The Webers moved back to San Diego in 2013 when Akilah was 36 weeks pregnant.
“[I moved back] not only so my kids could be raised around family in the same area I was raised, but also so that I could start to give back to the community that gave me so much,” she said. “We chose La Mesa because one of the things we noticed about La Mesa, is it’s not just a city, it’s an actual community where people know each other, kids grow up together, you see each other out at dinner, while shopping. … But when I look at the City Council as a whole, I don’t see that it really represents all of La Mesa very well, so that’s why I decided to run.”
Part of that imbalanced representation, Weber said, is an overrepresentation of Downtown Village at the expense of other areas.
“We need to go out into the La Mesa community and promote the other area of La Mesa, the other businesses in La Mesa,” she said.
Weber works as an OB-GYN at UC San Diego. She also implemented a pediatric gynecology division at Rady’s Children’s Hospital, despite that hospital’s reluctance to start one when she first proposed it.
“Now they can’t imagine what it would be like to not have a gynecologist there,” she said. “So that just shows that I can see what we need; I’m a visionary and I can plan into the future.”
Weber’s plans for the future include three priorities, with public safety as the top one.
“I want my family to be raised in a very safe environment … so we need to make sure that we continue to support our public safety officers, but that we as a community also have a say in that.”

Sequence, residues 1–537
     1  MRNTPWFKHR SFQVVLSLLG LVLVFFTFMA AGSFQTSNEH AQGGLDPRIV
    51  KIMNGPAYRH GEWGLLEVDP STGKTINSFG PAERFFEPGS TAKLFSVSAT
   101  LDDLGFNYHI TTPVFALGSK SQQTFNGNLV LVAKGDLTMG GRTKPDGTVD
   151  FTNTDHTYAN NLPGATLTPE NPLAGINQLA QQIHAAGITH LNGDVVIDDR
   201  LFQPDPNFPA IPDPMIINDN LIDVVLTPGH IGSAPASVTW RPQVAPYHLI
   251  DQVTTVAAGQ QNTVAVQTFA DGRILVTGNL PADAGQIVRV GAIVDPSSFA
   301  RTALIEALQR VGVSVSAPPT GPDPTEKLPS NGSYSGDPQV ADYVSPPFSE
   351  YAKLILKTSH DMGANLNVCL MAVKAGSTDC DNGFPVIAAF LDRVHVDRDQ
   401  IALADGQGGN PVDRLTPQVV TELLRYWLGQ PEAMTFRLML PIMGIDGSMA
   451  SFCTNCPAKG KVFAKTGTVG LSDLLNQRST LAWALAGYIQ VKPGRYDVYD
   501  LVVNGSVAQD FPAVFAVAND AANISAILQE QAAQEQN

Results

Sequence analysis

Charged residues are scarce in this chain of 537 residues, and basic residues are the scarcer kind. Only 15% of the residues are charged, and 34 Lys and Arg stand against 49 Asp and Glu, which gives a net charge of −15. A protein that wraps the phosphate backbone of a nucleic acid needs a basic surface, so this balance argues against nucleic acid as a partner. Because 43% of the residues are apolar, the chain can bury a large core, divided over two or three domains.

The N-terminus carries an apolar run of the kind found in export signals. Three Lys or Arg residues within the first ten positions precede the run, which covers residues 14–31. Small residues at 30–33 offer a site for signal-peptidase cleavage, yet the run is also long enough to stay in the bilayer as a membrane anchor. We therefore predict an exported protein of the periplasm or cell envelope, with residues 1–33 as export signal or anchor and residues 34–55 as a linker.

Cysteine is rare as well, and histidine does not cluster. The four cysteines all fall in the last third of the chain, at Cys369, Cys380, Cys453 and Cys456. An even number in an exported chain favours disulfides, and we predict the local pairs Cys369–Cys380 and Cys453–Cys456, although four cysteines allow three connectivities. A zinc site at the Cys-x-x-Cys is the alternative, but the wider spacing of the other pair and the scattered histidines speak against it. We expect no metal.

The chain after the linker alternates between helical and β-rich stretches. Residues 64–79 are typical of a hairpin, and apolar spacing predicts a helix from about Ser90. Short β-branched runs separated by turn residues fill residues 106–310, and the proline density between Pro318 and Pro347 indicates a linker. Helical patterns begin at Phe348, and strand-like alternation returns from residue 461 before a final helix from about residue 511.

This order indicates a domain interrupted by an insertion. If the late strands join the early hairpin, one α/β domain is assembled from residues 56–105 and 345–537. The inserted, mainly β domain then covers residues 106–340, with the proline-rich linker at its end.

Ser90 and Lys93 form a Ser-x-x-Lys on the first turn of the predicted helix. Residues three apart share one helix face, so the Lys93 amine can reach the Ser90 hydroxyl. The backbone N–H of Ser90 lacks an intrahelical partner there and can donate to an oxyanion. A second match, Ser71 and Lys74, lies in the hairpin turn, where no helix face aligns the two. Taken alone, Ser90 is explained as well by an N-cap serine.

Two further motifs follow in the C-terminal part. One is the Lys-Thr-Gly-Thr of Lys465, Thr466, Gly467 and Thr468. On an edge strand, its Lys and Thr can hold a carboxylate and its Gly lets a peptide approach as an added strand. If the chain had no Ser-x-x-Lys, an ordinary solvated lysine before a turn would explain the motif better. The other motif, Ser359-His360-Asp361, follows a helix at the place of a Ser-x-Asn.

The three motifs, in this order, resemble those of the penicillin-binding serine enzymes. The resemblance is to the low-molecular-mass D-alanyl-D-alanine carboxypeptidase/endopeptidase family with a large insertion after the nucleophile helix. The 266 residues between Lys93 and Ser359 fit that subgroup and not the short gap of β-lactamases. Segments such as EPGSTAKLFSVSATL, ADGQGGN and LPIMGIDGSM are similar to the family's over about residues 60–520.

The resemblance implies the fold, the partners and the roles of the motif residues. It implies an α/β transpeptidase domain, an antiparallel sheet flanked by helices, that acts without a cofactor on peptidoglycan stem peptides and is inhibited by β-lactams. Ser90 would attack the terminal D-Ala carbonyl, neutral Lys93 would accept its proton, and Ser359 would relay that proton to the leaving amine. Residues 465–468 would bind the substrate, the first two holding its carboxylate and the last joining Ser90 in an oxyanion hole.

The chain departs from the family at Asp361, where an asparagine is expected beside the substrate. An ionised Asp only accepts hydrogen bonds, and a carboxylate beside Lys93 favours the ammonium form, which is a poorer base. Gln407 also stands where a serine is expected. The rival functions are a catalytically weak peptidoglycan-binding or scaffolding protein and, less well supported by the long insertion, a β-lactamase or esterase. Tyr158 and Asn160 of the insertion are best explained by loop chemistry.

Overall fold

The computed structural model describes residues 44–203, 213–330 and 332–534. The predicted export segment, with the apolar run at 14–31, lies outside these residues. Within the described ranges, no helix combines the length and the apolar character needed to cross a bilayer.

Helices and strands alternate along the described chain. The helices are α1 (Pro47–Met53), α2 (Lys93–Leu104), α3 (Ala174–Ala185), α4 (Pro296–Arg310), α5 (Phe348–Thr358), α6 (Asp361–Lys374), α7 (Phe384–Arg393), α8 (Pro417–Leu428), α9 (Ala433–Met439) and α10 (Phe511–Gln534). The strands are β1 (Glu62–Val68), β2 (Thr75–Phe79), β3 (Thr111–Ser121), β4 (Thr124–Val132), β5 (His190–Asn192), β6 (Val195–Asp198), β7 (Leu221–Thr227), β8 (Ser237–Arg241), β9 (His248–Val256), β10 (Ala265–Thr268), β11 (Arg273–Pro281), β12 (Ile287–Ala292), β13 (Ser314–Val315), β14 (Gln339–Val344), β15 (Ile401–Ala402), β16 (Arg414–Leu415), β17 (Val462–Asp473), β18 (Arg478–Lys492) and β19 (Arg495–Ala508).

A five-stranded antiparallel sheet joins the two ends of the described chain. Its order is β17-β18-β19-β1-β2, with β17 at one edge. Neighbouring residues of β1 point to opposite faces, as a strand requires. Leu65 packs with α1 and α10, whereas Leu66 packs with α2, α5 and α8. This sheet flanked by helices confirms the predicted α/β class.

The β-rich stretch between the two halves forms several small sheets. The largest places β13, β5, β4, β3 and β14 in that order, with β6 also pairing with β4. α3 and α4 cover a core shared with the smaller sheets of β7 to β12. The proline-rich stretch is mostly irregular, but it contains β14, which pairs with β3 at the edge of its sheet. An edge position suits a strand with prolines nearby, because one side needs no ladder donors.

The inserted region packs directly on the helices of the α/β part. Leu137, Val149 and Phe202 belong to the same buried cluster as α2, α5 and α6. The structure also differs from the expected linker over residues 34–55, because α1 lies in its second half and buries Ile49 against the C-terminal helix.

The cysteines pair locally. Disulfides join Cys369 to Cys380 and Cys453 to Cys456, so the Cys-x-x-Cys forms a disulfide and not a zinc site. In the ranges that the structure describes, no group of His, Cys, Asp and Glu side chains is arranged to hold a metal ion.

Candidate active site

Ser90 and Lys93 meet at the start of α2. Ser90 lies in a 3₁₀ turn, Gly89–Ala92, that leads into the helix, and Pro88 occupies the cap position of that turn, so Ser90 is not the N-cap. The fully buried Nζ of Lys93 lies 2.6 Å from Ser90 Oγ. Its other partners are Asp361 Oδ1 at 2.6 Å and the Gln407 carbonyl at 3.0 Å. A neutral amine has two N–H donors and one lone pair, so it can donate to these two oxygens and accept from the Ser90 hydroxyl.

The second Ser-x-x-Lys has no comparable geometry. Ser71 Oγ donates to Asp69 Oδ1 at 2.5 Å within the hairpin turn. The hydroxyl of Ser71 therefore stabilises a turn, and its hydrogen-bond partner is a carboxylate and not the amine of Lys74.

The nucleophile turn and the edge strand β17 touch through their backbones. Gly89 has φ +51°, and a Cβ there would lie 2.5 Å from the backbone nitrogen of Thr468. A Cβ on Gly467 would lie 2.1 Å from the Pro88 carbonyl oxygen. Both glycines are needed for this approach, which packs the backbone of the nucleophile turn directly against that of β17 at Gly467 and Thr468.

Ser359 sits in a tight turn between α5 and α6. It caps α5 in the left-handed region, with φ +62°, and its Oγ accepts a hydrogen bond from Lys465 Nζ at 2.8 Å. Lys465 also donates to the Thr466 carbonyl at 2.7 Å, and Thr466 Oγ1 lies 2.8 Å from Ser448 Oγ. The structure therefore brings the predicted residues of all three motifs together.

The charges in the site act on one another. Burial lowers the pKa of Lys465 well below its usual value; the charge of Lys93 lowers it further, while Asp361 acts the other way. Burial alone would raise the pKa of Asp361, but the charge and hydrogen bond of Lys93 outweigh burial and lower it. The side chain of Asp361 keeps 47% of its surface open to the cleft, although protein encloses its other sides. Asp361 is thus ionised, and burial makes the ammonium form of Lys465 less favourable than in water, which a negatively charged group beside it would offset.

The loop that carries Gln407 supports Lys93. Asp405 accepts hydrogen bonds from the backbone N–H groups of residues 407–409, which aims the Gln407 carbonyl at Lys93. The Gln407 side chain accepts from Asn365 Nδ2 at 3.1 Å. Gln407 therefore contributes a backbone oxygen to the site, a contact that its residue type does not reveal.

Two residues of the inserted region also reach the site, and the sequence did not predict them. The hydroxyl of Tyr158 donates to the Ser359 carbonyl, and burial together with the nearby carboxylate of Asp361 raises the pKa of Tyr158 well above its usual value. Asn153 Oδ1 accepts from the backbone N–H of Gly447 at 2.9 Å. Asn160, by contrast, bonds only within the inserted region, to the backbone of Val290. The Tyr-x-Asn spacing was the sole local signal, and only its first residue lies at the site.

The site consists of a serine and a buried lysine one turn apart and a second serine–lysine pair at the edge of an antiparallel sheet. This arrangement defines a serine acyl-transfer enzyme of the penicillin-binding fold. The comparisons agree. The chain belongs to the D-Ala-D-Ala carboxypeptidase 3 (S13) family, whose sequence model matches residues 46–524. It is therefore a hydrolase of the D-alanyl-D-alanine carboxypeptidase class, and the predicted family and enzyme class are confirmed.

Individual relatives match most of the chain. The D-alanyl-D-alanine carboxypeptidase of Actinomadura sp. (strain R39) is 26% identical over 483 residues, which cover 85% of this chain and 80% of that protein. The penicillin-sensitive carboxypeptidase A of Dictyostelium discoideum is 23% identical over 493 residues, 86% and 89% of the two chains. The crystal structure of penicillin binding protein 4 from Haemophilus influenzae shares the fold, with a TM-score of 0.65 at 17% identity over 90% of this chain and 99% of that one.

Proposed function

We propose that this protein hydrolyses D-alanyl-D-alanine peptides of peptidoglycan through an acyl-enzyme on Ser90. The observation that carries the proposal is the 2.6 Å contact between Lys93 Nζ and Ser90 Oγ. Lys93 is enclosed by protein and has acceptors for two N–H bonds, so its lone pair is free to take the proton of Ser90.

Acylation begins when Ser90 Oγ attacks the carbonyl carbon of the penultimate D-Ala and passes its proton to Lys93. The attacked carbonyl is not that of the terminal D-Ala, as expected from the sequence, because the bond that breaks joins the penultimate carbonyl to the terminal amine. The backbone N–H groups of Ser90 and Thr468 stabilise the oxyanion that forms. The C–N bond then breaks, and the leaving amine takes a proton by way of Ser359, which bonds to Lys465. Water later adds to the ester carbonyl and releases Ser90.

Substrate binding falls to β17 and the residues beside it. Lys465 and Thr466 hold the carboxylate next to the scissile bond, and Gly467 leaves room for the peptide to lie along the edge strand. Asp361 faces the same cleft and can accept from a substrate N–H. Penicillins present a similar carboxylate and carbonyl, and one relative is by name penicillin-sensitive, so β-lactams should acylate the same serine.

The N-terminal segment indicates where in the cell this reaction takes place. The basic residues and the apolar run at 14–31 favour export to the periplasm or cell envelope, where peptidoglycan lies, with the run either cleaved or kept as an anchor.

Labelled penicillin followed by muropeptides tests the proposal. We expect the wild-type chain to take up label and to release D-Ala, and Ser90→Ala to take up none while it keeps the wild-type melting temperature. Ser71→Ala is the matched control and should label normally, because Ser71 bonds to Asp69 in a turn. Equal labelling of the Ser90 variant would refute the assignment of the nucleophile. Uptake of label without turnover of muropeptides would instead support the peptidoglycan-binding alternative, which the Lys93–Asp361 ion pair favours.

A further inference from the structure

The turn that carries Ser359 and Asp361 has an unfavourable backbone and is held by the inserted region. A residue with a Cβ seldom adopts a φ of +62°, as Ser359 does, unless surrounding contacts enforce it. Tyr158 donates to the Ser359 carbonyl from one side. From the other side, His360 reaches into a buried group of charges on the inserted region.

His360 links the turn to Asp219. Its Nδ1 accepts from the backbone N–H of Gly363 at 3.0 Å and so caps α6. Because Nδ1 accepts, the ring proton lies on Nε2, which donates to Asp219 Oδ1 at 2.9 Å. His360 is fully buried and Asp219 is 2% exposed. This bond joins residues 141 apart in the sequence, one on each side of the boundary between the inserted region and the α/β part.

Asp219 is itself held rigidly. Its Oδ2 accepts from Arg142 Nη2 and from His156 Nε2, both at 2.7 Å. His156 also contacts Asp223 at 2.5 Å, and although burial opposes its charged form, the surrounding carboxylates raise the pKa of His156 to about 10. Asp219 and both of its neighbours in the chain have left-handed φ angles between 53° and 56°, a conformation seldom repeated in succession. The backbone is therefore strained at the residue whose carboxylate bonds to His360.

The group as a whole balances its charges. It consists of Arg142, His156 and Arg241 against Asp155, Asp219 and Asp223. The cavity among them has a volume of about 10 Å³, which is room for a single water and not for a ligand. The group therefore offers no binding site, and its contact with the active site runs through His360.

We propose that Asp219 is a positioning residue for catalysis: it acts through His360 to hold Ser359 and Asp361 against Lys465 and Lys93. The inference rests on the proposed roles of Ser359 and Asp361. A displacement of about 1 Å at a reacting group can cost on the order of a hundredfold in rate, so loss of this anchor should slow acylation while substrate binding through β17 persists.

Weber said she supports some citizen oversight of La Mesa Police Department to help ease concerns of residents following an incident at Helix High School where a student was body slammed by an officer.
Housing affordability is another priority for Weber.
“When my husband and I moved back from Dallas there was a huge sticker shock when we went to purchase our home here. And it really shouldn’t be that way for people who want to come into a community and live and grow and develop in a community.”
Being a doctor, she said health and wellness is also a top priority. She cited her support for the city’s passage of a Climate Action Plan but added that the council needs to make sure it is implemented. “Not just something put on paper but put into action,” she said.
Weber also shared her thoughts on the homeless issue in the city.
“I don’t think that the council, in the past, has addressed [homelessness] very well or even really acknowledged it as a problem in La Mesa,” she said. “When I look at the issue of homelessness, I look at it in two folds. One is people who might not be on the street but do not have a home. Leaders need to have a vision for dealing with affordable housing, low and middle income.”
The other focus is medical, psychological issues leading to homelessness, she said, and offered a potential solution.
“We pay into the Grossmont Healthcare District so we need to go to them as representatives of La Mesa and say, ‘Hey are residents are paying into this Grossmont Healthcare District, you’ve got a hospital here. What kind of free services are you offering for the medically and psychologically unstable so that they can then get off the street and start providing for themselves?’”
For more information about City Council candidate Dave Meyers, visit daveforlamesa.com.
Learn more about Dr. Akilah Weber’s campaign at drweber4lamesa.com.
—Reach Jeff Clemetson at email@example.com.